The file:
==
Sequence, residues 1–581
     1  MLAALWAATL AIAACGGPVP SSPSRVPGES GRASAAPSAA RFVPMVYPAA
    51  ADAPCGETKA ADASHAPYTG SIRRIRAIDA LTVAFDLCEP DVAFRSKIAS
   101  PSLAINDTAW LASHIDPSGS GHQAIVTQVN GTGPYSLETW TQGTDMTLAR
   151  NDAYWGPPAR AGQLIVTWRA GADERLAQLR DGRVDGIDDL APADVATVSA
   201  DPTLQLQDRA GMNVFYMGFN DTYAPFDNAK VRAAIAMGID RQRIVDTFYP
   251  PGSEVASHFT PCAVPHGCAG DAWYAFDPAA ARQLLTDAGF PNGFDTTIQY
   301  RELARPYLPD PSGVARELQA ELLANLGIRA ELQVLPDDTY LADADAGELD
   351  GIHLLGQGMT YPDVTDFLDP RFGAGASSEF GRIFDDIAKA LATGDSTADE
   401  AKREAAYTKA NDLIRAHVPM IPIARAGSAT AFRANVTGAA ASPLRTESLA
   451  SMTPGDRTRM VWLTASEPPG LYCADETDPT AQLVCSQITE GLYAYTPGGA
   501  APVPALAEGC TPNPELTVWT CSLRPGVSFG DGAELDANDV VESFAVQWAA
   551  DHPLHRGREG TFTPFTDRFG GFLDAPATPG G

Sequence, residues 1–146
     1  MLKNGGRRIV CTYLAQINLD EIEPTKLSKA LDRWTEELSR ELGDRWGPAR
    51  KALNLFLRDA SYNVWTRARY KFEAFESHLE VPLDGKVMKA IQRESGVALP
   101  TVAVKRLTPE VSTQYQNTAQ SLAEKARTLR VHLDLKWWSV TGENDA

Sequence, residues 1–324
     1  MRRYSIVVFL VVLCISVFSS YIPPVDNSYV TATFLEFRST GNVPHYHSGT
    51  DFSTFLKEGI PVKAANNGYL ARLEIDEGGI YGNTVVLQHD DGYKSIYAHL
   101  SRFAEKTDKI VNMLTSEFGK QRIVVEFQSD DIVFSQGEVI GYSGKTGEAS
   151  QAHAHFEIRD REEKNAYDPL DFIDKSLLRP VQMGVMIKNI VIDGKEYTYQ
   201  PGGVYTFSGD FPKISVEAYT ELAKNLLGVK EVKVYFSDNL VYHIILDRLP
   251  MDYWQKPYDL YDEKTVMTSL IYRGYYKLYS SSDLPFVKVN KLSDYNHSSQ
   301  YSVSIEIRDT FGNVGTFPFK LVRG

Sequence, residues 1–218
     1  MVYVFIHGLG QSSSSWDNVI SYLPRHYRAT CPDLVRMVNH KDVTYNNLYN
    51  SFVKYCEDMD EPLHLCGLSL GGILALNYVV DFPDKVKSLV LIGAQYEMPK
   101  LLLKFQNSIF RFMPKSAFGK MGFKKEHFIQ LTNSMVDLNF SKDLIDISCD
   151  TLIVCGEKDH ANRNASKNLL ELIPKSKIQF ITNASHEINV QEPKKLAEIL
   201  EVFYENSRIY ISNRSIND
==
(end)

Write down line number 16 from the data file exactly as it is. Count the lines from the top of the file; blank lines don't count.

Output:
    51  KALNLFLRDA SYNVWTRARY KFEAFESHLE VPLDGKVMKA IQRESGVALP